University of Louisville Ophthalmology professor and lifelong learner Richard Eiferman recently launched a new and unexpected chapter in his career prompted by an unlikely catalyst – his Bernese Mountain dog, Teddy. The one hundred pound-plus dog needed ear drops for an infection, and it took three people to corral him to give him the medication.
“I just thought there has to be a better way,” said Eiferman.
In his seventies, Eiferman made the decision to embark on an online MBA program at the UofL College of Business to link his 40-year career in ophthalmology with his longtime research interest in developing a new medication delivery system.
“I’ve always been very interested in the business aspects of things, and we always had these research ideas that we’d never had the chance to bring to fruition, so I thought maybe we could put two birds together in one,” he said.
From his decades of experience with eye ailments, Eiferman recognized that a sustained delivery system was needed. “It’s particularly important in ophthalmology, because for example, if you have glaucoma, you have to take drops once or twice a day for the rest of your life, and compliance can be the biggest problem.”
Eiferman connected with a PhD chemist and the two investigated a long-acting sustained release way to deliver medication.
“We discovered a way to put drugs in a wafer that slowly dissolves over two-to-three months, so no drops,” said Eiferman. “It’s a totally new concept. We conducted tests on rabbits and sure enough, it worked beautifully.”
With the help of College of Business faculty, he submitted a proposal and won the top prize of $25,000 in a “Shark Tank” style contest sponsored by the American Academy of Ophthalmology in November 2022. That success led him to present at another contest in April 2023 at Yale University, and again he won the top prize, this time $265,000.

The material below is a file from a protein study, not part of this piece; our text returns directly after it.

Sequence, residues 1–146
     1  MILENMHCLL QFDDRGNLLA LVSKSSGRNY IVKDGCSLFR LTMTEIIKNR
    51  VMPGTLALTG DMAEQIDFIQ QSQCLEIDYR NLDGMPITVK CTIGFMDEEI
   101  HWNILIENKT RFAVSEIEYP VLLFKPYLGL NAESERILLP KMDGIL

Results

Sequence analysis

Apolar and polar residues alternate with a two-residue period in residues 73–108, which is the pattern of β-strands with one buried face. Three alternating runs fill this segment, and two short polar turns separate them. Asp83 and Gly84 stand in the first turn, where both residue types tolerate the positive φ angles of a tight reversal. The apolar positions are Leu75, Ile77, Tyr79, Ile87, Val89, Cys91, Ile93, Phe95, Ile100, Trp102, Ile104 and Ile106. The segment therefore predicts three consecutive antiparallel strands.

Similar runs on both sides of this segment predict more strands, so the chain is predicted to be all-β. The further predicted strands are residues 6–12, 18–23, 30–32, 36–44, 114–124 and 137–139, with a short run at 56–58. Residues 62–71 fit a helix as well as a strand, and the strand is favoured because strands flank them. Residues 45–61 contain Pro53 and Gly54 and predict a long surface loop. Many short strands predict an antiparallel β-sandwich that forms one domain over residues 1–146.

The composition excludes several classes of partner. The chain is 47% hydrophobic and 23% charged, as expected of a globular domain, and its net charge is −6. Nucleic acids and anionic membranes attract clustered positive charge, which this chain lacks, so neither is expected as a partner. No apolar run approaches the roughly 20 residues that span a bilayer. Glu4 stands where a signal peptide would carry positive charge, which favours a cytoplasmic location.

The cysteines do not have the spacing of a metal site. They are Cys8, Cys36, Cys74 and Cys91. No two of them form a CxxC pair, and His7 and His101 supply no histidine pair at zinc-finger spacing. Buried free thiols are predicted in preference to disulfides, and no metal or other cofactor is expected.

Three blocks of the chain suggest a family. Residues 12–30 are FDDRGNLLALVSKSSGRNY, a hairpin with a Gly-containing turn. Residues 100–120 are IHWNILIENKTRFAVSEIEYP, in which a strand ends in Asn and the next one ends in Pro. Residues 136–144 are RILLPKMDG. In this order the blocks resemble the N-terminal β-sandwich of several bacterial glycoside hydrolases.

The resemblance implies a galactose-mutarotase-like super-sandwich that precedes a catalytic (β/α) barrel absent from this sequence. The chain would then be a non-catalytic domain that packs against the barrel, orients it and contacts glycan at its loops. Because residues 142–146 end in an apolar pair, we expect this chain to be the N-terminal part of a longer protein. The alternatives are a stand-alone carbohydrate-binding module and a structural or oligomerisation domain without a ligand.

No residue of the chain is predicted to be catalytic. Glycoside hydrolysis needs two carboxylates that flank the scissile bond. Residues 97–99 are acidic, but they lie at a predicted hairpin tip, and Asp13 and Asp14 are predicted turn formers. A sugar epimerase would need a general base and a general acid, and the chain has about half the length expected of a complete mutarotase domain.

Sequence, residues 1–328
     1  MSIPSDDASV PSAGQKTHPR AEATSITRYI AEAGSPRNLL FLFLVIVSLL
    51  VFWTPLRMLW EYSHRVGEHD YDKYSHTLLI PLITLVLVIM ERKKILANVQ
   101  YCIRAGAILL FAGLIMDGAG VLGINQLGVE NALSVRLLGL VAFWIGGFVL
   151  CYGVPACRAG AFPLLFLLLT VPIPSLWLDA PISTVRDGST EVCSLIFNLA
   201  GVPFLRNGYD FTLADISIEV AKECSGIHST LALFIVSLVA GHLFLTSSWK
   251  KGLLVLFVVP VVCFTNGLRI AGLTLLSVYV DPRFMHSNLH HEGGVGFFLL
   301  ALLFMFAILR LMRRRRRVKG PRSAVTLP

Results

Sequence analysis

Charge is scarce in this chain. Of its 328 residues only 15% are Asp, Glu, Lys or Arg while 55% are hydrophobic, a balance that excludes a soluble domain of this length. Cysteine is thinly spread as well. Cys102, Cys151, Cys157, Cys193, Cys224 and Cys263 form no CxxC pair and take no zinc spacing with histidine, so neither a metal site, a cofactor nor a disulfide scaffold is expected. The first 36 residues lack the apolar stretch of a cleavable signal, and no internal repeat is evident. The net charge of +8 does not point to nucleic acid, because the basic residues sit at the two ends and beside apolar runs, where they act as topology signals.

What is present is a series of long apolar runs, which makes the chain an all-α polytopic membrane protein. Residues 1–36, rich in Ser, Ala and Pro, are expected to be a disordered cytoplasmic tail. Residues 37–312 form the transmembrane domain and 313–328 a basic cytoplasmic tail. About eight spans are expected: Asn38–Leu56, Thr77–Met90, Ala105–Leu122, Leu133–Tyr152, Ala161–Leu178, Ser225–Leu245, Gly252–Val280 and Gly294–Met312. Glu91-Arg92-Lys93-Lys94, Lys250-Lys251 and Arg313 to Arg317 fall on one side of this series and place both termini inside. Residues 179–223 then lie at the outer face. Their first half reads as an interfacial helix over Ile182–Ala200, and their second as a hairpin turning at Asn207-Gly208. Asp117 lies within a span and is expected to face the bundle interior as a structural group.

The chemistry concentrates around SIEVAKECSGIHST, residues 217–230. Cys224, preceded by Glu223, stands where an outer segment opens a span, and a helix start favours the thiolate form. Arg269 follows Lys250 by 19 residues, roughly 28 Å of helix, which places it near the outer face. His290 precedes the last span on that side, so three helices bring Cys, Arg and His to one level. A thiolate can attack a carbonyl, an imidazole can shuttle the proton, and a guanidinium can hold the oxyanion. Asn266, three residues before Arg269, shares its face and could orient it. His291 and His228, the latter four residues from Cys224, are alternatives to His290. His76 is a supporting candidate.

Eiferman said that the UofL MBA faculty were incredibly receptive and supportive, teaching him a novel approach for his presentation to the Yale panel.
“This was different than any paper or lecture I’ve ever given,” he said. “Five slides and five minutes. I was fixated on the science and the chemistry, but they told me the panelists would want to know about the market and how to make money from this idea,” he said. “They were 100 percent correct.”
With the patent and his newly formed company, Sustained Drug Delivery, Eiferman plans to use the prize money to fund a study at Michigan State involving beagles that have congenital glaucoma since the FDA requires two species studies, rabbits and dogs in this case. The experiments need to demonstrate the wafers are equivalent in efficacy to the traditional drops.
“We believe it will work and we can then ask for permission to test in humans and evaluate a certain number of people for a certain length of time,” he said. Once Eiferman completes that hurdle, the drug delivery system could be marketed as a device and not a drug, which can reduce the time between testing and approval.
Eiferman said he believes it could be a multi-million-dollar idea because of the technology’s broad applicability.
“In dentistry, for example, they could pack a socket following a tooth extraction or put it in sutures,” explained Eiferman. The other huge market is veterinary medicine to address a severe eye ailment that can make horses go blind.
In May 2023, Eiferman got to wear his green hood and walk at the university’s online MBA graduation ceremony.
“I never expected to be getting an MBA or starting a company in my 70s, but I wanted to prove I could still go to school and learn.”